Doing a 180… and the importance of being informed

In response to The Daily Post’s writing prompt: “180 Degrees.”

I grew up on the Southwest side of Chicago, the land of city workers, police, fire fighters, union workers  Chicago Public School teachers and Democrats. That’s the way it is still is, especially in my old neighborhood and many in that region. Not that there’s anything wrong with that specifically, but you should  grow and a change and learn new things as you get older. Just going along to getting along is what most people do, which is why Chicago and many other cities are in shambles.  It’s why the United States is in trouble. Questioning the status quo and seeking information does not make you unpatriotic or a conspiracy theorist, it makes you an informed person.  There is too much trust in government and politicians at all levels that they have the people’s best interests in mind, and they take advantage of this.

It was about seven years ago that Boyfriend and I started reading more and started seeking news from alternative sources other than the alphabet news channels (CNN, MSNBC, CBS, ABC, NBC, Fox and FBN), such as Infowars.com, theblaze.com, Naturalnews.com, lewrockwell.com and truthinmedia.com. They don’t give you the whole story, and sometimes give you a slanted version of the truth, depending on their ownership and sponsors. Out of convenience, I do still get some of my news from these other sources but hold them in a different regard than I did before. There is a wealth of knowledge out there if you look for it and care to know the truth on the internet, on the radio, and in books. You will find some of the truth scary, depressing, shocking, and angering but you will be informed about the world around you. I came across a video recently of Hillary Clinton supporters who were presented with the exact opposite of what she supports and the people did not know fact from fiction. While some might discredit the video, it shows the sad state of uninformed society who, not only don’t know that they are being duped, but they don’t care that they are being duped. You can find the video here: https://www.youtube.com/watch?v=C0SnIgOwZ3A  I’m sure that the same could be found of people blindly supporting other candidates as well.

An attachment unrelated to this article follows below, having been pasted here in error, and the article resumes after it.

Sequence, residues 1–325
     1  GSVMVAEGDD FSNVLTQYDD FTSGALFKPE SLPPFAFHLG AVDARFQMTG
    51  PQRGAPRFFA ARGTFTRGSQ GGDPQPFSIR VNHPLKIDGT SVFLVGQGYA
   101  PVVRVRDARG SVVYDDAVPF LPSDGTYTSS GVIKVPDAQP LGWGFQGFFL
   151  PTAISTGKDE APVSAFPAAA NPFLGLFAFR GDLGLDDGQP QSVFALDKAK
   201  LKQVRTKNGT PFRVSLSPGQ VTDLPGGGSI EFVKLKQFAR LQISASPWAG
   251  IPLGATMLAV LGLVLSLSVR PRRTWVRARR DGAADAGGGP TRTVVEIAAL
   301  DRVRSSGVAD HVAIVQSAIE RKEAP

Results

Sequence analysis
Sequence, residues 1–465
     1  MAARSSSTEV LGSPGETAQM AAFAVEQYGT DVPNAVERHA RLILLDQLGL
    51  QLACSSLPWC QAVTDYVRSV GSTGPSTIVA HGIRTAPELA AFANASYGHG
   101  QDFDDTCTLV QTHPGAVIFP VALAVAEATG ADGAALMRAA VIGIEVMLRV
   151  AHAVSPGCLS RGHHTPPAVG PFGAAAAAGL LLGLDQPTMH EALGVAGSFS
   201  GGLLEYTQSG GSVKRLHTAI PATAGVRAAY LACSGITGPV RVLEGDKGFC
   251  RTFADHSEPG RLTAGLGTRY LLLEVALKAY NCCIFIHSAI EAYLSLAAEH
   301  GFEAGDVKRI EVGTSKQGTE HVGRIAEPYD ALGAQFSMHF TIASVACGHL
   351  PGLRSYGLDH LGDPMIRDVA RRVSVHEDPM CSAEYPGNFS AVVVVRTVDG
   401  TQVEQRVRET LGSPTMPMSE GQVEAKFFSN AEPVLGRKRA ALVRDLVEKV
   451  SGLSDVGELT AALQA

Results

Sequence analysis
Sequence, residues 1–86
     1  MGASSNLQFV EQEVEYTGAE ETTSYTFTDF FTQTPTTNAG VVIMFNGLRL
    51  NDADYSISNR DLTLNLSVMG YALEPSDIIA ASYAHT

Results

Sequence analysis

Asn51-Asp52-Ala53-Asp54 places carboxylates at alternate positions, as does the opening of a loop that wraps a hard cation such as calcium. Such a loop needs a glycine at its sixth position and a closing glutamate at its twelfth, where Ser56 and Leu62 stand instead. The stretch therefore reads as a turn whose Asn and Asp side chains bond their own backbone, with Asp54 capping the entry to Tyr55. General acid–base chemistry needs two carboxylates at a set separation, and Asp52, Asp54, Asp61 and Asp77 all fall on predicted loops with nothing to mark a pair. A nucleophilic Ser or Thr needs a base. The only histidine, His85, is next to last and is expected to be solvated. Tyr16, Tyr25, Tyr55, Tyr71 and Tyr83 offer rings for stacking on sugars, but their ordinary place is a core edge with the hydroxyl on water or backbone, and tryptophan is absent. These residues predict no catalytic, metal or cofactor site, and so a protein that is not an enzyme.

I used to automatically support certain candidates and causes without knowing the back story. While I believe that my country should defend itself, I have a different opinion of war after reading “War Is A Racket” by Smedley Butler. I also learned a lot by reading “Confessions of An Economic Hitman” by John Perkins; “None Dare Call It Conspiracy” by Gary Allen; “We The Living” by Ayn Rand; and “Constitutional Chaos” by Andrew Napolitano.  I would recommend each of these books and many more to anyone interested in history, war, the economy, the government’s role in many areas of life, or freedom and liberty. I have trouble grasping some of the reality and concepts of how our world works, but the puzzle begins to make sense the more pieces you put together. I am no longer someone who goes with the grain or votes with the grain. I believe that there are a few politicians who are more for the good of the people, that support true liberty and freedom, and who do want to serve honestly. I support them, cautiously, and am not so tied to a party as I was, though I now lean Tea Party/Libertarian rather than Democrat. So much focus on regulating, protecting this right or that right, and how someone might be offended does nothing but detract from everyone’s right, in my opinion. 

© 2015 blogdaysofchrell

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Lessons From Childhood

In response to The Daily Post’s writing prompt on 05/29/15: “Childhood Revisited.” Sure, you turned out pretty good, but is there anything you wish had been different about your childhood? If you have kids, is there anything you wish were different for them?

A child is like a sponge because he or she absorbs the good and the bad around them, from kindness to meanness,  open-mindedness to racism, patience to impatience, you name it. Even though we are all born with certain genes and traits, we unknowingly observe and learn how to become people from family, friends, teachers, caretakers, neighbors, etc. Me and my dog